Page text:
2.4 Content of Worship - Church Services

The liturgical cycle moves on four interrelated planes: the day, the week, the season, and the year. It incorporates the believers into the mystery of Christ, in order to transform the time they live and act in, into the decisive time of their salvation.

On each day of the year, there is a specific commemoration of a saint (e.g. Jan 1, St. Basil), or an event in sacred history (Dec 25, Christmas). Each day of the week has its own particular theme (e.g. Monday is dedicated to the Angels, Tuesday to St. John the Baptist, etc). Certain seasons of the year are characterized as preparation for or celebration of a great feast (e.g. Lent, Holy Week, Easter). Feasts and fasts punctuate the year, and all together these make up the Liturgical Calendar.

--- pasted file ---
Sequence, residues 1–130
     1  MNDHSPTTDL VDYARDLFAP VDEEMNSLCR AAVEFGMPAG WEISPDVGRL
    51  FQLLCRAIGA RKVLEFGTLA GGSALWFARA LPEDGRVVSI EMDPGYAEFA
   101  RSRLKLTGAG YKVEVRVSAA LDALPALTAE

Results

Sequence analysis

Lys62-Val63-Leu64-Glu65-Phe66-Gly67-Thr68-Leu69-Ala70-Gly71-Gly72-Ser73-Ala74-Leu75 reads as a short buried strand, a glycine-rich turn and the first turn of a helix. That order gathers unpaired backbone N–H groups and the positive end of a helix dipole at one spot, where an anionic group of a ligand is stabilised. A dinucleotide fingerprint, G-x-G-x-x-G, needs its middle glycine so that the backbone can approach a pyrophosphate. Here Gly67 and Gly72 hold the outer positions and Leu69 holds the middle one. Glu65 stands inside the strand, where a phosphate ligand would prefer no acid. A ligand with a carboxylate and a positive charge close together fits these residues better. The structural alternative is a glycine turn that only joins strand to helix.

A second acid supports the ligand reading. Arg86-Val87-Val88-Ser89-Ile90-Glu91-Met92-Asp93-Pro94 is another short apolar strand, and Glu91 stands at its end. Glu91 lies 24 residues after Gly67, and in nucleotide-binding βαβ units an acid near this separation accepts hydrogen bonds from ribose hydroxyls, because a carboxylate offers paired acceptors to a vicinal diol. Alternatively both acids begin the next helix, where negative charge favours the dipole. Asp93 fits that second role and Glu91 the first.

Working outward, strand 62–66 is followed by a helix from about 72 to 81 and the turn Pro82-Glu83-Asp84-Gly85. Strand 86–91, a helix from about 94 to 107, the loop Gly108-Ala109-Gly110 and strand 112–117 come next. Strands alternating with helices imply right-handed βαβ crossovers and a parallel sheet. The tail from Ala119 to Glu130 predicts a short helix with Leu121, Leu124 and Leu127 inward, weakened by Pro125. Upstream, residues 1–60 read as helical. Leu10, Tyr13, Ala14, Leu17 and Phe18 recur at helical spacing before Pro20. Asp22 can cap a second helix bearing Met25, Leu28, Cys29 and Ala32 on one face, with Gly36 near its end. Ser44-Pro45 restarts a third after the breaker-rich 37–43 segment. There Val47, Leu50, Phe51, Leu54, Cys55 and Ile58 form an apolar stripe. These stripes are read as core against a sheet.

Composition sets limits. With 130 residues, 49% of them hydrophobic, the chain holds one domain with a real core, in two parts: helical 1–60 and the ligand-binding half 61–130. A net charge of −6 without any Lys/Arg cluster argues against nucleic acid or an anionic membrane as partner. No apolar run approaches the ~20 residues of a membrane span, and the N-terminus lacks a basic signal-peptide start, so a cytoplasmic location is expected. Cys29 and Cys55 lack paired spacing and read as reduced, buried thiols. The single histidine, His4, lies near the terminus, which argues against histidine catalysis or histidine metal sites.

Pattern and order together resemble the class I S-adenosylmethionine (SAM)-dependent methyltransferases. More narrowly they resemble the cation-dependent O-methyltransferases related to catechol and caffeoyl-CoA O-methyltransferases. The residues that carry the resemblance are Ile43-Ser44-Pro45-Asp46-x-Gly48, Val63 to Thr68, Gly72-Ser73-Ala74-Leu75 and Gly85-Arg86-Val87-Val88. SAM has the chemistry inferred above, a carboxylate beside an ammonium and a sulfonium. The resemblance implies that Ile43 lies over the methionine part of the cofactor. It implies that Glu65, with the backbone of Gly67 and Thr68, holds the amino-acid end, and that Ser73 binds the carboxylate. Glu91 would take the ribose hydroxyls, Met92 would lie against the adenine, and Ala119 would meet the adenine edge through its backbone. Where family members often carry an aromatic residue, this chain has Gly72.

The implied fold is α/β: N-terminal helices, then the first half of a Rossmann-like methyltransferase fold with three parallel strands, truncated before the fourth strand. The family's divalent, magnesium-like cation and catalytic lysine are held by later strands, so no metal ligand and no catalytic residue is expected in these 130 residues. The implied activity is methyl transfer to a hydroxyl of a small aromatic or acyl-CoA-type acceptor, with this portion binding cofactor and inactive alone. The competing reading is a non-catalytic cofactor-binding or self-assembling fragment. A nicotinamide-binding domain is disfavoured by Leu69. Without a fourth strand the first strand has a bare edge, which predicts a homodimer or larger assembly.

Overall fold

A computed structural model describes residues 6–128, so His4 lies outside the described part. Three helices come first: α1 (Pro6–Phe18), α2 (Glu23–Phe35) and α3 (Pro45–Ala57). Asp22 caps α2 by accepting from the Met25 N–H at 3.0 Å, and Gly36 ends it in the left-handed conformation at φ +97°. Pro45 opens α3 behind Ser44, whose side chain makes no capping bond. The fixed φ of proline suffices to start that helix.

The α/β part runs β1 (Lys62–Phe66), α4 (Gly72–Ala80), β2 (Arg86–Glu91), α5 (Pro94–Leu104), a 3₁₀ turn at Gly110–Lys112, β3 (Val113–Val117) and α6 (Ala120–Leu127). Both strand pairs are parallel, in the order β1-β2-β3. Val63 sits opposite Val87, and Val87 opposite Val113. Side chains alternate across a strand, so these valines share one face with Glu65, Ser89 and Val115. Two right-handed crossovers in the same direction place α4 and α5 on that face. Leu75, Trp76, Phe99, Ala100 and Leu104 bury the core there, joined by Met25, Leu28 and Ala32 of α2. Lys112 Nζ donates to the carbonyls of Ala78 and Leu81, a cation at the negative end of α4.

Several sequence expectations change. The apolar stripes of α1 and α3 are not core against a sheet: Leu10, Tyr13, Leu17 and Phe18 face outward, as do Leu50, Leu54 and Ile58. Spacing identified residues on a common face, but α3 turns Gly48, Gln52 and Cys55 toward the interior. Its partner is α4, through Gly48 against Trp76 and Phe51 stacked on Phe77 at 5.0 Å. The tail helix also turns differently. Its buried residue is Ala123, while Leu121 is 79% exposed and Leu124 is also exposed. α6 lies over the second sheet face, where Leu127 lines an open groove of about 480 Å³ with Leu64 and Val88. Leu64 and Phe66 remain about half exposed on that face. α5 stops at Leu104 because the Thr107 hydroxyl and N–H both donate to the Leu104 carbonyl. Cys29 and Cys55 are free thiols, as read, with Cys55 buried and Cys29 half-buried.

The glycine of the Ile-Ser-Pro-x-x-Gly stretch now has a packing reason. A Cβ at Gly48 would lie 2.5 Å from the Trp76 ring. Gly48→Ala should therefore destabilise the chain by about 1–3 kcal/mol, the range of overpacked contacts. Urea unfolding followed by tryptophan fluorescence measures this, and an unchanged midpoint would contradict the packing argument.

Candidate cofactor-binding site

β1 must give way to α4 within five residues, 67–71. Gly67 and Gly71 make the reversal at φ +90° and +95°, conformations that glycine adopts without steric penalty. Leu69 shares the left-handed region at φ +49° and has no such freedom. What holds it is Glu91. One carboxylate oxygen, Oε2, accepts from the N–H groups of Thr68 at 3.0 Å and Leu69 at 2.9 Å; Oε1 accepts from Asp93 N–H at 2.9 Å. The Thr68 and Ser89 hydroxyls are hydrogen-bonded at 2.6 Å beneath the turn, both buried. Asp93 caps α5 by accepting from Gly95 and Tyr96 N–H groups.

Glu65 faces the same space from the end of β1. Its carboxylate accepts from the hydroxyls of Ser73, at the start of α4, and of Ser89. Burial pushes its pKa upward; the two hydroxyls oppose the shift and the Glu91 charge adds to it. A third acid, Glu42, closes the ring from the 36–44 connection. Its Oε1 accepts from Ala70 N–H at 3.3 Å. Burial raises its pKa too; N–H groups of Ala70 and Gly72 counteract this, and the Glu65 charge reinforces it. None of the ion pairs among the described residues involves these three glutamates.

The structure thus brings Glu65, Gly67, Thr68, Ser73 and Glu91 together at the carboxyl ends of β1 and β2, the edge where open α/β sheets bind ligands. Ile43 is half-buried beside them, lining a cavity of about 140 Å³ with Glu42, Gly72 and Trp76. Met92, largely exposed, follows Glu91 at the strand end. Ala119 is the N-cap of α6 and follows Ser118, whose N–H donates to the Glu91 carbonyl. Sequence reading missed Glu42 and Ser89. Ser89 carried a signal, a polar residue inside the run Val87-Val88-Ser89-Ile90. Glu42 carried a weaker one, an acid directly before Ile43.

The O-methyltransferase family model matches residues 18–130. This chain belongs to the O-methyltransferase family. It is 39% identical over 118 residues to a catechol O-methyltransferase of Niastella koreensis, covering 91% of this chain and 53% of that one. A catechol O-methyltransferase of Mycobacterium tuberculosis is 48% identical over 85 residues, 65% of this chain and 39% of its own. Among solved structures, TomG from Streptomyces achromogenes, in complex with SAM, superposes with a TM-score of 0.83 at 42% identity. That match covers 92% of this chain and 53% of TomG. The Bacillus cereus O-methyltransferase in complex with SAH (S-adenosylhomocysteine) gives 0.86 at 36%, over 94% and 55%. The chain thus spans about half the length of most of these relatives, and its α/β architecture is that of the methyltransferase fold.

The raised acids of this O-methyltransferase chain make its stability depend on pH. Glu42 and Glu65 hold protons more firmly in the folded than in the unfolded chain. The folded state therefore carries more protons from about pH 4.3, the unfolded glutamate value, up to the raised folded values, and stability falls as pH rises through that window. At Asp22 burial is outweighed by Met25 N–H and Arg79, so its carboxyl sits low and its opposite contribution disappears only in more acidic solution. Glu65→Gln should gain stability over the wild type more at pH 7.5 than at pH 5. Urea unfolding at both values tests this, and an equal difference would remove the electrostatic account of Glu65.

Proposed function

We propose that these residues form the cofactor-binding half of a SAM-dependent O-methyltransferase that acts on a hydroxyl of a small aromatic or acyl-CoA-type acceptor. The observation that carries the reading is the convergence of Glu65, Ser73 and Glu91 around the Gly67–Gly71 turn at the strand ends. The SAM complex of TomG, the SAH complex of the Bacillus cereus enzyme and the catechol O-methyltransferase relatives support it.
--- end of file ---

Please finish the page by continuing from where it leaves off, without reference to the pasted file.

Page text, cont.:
The commemorations and sacred themes that fill the calendar are the subject matter of the ecclesiastical poetry, the hymns that are the content of the Church’s daily worship. The daily worship of the Orthodox Church consists mainly of Vespers and Matins, which are the longest and most elaborate services. Minor services, namely the Hours, Compline, and Midnight Office, complete the daily cycle. The Divine Liturgy (the Eucharist) may also be included in the daily cycle.

Contained in no less than sixteen separate books, there are over 50,000 hymns in current use; on a typical day, the services include about 150 hymns from at least three different books. The selection and order of hymns to be used in any given service is determined by a sophisticated system of rubrics.

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